For 96 reviews, this critic has graded:
  • 28% higher than the average critic
  • 0% same as the average critic
  • 72% lower than the average critic
On average, this critic grades 10.4 points lower than other critics. (0-100 point scale)

Ed Gonzalez's Scores

  • Movies
  • TV
Average review score: 49
Highest review score: 100 In the Mood for Love
Lowest review score: 12 The Boy Next Door
Score distribution:
  1. Positive: 33 out of 96
  2. Negative: 40 out of 96
96 movie reviews
    • tbd Metascore
    • 100 Ed Gonzalez
    It's in his generous, objective use of long shots and spare but startling close-ups that we see once again the influence of Robert Altman in Yang's aesthetic and the struggle of the Taiwanese people to accept their history. In essence, Yang uses his aesthetic to bring into the light that which is dark.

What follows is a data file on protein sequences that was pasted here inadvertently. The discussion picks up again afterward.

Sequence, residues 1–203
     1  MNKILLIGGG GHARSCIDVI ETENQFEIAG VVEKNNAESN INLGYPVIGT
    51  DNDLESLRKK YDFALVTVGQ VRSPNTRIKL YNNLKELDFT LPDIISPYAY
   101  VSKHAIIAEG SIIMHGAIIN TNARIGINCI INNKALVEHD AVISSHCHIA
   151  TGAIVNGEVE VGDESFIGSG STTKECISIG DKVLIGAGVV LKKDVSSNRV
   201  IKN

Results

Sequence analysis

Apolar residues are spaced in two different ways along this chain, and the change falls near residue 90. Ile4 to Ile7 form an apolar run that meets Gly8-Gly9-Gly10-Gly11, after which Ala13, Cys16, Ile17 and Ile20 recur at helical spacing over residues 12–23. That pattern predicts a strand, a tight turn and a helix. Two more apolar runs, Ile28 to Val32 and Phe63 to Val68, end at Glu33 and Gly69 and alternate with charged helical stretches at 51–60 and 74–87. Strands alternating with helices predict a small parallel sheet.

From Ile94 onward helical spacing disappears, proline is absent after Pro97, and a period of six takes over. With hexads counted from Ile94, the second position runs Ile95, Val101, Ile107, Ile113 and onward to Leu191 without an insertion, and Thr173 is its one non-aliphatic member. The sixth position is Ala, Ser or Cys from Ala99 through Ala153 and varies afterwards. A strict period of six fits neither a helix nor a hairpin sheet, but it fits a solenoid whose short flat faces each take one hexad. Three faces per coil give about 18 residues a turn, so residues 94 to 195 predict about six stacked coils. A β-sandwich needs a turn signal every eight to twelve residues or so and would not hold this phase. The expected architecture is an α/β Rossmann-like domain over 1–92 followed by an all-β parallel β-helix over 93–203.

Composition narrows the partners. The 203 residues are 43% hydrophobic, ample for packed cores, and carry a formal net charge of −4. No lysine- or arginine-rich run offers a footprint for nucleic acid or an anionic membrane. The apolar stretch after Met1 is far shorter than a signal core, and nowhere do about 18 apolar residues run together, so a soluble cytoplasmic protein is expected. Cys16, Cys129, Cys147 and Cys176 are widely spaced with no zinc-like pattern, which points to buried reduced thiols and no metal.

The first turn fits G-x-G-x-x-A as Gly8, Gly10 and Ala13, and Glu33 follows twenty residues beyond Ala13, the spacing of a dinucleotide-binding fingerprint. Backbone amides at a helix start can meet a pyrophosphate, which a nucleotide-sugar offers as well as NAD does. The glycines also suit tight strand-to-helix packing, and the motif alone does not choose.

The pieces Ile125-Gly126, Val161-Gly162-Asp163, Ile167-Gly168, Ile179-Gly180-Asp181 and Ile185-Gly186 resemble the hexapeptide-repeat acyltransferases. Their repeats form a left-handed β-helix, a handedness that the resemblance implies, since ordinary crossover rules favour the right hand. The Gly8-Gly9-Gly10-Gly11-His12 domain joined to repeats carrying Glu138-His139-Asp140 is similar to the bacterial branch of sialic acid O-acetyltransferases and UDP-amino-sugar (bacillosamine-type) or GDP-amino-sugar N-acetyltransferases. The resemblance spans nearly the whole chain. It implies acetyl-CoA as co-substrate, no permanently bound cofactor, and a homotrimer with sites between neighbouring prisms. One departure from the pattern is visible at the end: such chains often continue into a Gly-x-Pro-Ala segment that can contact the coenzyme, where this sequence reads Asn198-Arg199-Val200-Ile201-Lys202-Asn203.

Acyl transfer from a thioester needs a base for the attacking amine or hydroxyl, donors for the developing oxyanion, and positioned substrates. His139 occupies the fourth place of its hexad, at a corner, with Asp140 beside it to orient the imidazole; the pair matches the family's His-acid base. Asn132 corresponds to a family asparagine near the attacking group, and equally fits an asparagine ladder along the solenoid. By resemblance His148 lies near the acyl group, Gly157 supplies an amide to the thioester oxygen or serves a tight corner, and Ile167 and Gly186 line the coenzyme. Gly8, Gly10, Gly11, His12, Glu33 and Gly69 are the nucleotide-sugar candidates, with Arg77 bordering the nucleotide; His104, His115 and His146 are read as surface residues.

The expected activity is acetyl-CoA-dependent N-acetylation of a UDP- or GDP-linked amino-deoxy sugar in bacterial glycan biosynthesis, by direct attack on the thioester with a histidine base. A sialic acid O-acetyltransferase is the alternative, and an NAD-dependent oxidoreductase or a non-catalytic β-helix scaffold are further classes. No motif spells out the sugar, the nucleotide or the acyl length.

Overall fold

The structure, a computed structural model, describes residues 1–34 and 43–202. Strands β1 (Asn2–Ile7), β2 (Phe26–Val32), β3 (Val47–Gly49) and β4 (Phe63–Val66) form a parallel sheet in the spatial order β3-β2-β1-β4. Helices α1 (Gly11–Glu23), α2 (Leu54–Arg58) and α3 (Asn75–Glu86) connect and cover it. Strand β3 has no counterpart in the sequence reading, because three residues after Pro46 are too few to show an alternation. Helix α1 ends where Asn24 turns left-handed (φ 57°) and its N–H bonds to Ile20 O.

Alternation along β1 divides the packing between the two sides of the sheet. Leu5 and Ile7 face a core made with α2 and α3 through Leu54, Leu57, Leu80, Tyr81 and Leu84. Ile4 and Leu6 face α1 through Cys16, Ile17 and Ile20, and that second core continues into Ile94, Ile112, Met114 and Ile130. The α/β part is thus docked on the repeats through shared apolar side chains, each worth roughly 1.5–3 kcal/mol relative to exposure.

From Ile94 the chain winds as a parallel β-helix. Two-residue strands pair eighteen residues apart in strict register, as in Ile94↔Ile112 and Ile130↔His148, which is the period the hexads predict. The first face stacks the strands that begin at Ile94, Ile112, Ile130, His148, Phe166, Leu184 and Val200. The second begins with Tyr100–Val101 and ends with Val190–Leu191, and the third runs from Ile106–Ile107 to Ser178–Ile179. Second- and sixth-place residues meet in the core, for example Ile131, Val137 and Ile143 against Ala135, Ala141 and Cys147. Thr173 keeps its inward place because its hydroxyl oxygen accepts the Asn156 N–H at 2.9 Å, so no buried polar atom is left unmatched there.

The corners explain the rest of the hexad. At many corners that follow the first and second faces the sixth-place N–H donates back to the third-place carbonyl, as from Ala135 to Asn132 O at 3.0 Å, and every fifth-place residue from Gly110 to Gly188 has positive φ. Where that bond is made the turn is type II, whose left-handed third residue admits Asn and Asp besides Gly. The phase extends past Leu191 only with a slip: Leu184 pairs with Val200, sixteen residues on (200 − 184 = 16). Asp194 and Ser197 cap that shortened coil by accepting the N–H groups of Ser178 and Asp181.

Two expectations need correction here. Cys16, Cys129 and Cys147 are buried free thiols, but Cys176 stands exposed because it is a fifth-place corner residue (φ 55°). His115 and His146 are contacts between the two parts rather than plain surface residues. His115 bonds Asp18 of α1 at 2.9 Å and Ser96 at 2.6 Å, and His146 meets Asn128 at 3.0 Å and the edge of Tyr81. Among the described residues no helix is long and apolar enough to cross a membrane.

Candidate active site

• 85 Metascore
    • 100 Ed Gonzalez
    In the Mood For Love is ravishing beyond mortal words.
    • 90 Metascore
    • 100 Ed Gonzalez
    Her
    A screwball surrealist comedy that asks us to laugh at an unconventional romance while also disarming us with the realization that its fantasy scenario isn't too far from our present reality.
    • 78 Metascore
    • 100 Ed Gonzalez
    Throughout, what truly matters to director Jonathan Glazer is articulating through visual and aural enticement the unconscious power of our death drive.
    • 85 Metascore
    • 88 Ed Gonzalez
    The Tree of Life's fetching images are like glowing shards of glass, and together they form a grandiose mirror that reflects Malick's impassioned philosophical outlook. It's unquestionably this great filmmaker's most personal work, a revelation of how he came to be, why he creates, and where he feels he's going.